Who Created the Hearing Aid?

This blog post has been reviewed and approved by a hearing healthcare professional.

The first device created to help those with hearing loss was invented in the 17th century. It was an acoustic or non-electric hearing aid and the only hearing aids available before the advent of electricity. The device was called an ear trumpet and its amplification depended on the acoustic characteristics and shapes of the materials used, such as sheet iron and animal horns.1

 

Ear trumpets were tapered tubes that captured sounds and funneled them into the listener’s ear. Over time, ear trumpets were developed to flare at the end of the tube, or to add a resonant bowl which could increase the amplification. The first person to commercially produce ear trumpets was Frederick C. Rein. In the late 18th century after inventing the collapsible trumpet they started to look for a more eye pleasing product which led to the invention of the acoustic headband.1 Acoustic hearing aids didn’t die out completely with the invention of more modern hearing aid technologies and were manufactured up to 1990.

Miller Reese Hutchison created the first electric hearing aid in 1898,2 as a direct result of Alexander Graham Bell's invention of the telephone in 1876. The telephone had technology to control the frequency, distortion, and loudness of sounds, which constitutes the key components of a hearing aid. The design employed an electric current, which helped the device to amplify any weak signals.

 

Fifteen years later, the first commercially manufactured hearing aid came onto the market from the Siemens company. The “Esha-Phonophor”, a device created by Louis Weber in 1911 as a gift for a friend, saw the design rise in popularity, and eventually led to the company Siemens, currently named Signia.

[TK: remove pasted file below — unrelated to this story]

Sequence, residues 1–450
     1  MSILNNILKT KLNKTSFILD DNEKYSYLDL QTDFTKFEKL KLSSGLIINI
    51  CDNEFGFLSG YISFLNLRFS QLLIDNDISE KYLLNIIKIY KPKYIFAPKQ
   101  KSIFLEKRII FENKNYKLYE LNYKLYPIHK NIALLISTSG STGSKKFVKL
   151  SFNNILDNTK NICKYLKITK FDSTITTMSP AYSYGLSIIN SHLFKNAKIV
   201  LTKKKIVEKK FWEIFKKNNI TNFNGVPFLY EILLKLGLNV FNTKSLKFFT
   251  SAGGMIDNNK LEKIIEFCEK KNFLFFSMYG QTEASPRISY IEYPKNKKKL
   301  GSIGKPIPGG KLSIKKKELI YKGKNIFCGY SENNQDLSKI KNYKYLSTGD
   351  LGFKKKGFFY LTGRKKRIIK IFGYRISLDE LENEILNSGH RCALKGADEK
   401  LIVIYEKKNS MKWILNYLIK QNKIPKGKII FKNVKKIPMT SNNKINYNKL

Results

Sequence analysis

In 1920, the first U.S. patent for a portable hearing aid that made use of a vacuum tube was given to Naval Engineer Earl Hanson.3 The Vactuphone took a telephone transmitter and used it to convert sounds into electrical signals. The device came in at seven pounds and was considered lightweight and portable for the time; it is wondrous how much technology and design has advanced since then.

 

The Behind-The-Ear hearing aid was first introduced in 1989. In 1996, Widex introduced the first commercially successful, full digital hearing aid into the market, and in 2010 came Bluetooth® enabled devices. Each year more research and advancements have come into place to improve hearing aids and we look forward to seeing how hearing aids progress in the future.

You Might Be Interested In...

How to Connect Hearing Aids to Your Phone

We live in a world where making connections through mobile devices is increasingly important, and that’s especially true for hearing aid wearers.

Can You Wear a Hearing Aid in Just One Ear?

When wearing one hearing aid you do not allow the ears to work together with the brain to sort out the sounds.

Sign Up for Our Mailing List

Sign up to receive the latest information on hearing health, hearing loss, and hearing aids! Click the button below to sign up.

1 Bauman, Neil. “The Hearing Aids of Yesteryear.” Canadian Audiologist. Accessed June 8, 2022. https://canadianaudiologist.ca/the-hearing-aids-of-yesteryear/

2 “1898 Invention of Electrical Hearing Aids.” Deaf History. Accessed June 8, 2022. https://deafhistory.eu/index.php/component/zoo/item/1898-invention-of-electrical-hearing-aids

3 Bauman, Neil. “The 100th Anniversary of the World’s First Electronic Hearing Aid.” Canadian Audiologist. Accessed June 8, 2022. https://canadianaudiologist.ca/issue/volume-8-issue-6-2021/100th-anniversary-of-the-first-electronic-hearing-aid/


The Bluetooth® word mark and logos are owned by the Bluetooth SIG, Inc. and any use of such marks by WSAUD A/S is under license. Other trademarks and trade names are those of their respective owners.